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How Teachers Can Respond To Trauma in Students

Trauma is a natural emotional response to a horrific or horrible event in someone’s life. This could be a medical emergency, an accident, assault, abuse, or a natural disaster. 

This can lead to symptoms of anxiety, PTSD, and depression, where sufferers may struggle with flashbacks, panic attacks, unpredictable emotions, and even physical symptoms such as nausea or rapid heartbeat. And trauma can happen to people of all ages, including school-age youth.

But, as a teacher, how do you know if students are suffering the effects of trauma? Let’s look at the signs and symptoms of trauma to see what teachers can do to respond and support students. 

Signs of Trauma

Most of the time, trauma has a psychological effect on people. This can lead to shock, disbelief, denial, or confusion, whereas others may become angry, irritable, moody, or even guilty or ashamed of what happened. 

For others, it can link to symptoms of depression and PTSD, where they may withdraw from others, feel persistently sad or hopeless, and feel disconnected or numb to everything and everyone around them. 

A distressing event can not only lead to emotional trauma, but physiological trauma, too. For instance, individuals may suffer from physical symptoms such as headaches, rapid heartbeat, sweating, trembling, or panic attacks.  

The signs of trauma are different, as everyone’s experiences are different. However, for many people, the common signs are flashbacks, nightmares, intrusive thoughts, disorientation, loss of memory, or the inability to focus. 

How Teachers Can Respond To Trauma in Students

As a teacher, you are responsible for supporting students in their academic growth. Teachers can also be a support system and a person of trust for some students who do not receive support elsewhere. So, what can you do as a teacher to respond to trauma in students? 

The difficulty is knowing whether it’s bad behavior or whether a student is reacting to trauma. Think about how your students respond to you. Are they defiant, alienated from other students, irritable? Do they struggle to concentrate? Do they exhibit controlling or perfectionistic behavior? Are they physically or verbally aggressive?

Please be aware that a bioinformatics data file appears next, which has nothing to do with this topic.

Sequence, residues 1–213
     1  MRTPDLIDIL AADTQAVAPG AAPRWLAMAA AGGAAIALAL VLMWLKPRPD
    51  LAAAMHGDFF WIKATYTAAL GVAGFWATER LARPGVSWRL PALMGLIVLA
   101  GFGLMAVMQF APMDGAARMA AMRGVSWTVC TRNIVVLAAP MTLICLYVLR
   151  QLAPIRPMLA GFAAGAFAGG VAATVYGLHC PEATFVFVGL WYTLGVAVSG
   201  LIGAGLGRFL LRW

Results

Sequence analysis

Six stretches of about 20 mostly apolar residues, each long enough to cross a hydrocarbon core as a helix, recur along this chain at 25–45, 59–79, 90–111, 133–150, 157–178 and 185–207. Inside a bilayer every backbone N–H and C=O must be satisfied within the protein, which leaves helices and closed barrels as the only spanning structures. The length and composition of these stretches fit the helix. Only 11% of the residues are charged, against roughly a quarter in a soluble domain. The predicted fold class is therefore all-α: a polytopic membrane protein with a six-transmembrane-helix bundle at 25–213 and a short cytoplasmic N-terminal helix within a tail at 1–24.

These could be signs that a student is struggling with trauma. In order to positively and proactively respond to students with trauma, it is paramount that you follow these steps. 

Create A Safe Space

The classroom needs to be an emotional, physical, and socially safe place to be. When a student is suffering from trauma, bullying, or social isolation, they may feel unsafe and not know how to act or behave.

Make sure you intervene in potentially harmful or hurtful situations and ensure that you can listen and support when needed. 

Manage Behavior

Instead of the usual ‘zero tolerance’ attitude, try to implement stress management tools so that students know how to control their emotions and feelings in a healthy way, where stress can be processed safely. 

Educate Yourself

It is so important that you educate yourself about what trauma is and how it can manifest in various ways, depending on the student. Connect with your students and ensure they have the knowledge and resources they need to feel supported through their trauma. 

Be Mindful—Block Triggers

You should also keep a trigger list- of anything that sparks negative feelings or emotions. Check in with students to ensure these are up to date so that you can limit those triggers within your teaching curriculum. 

Deep Breathing Exercises

Starting your lesson with deep breathing exercises can ensure that everyone, including yourself, feels calm and relaxed, ready to take on anything. 

Encourage Therapy

Finally, it is important that you encourage your students to speak to us for guidance through trauma therapy.

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Green Heart Therapy provides in-person psychotherapy for adults, teens, and children in Los Angeles and online therapy across California.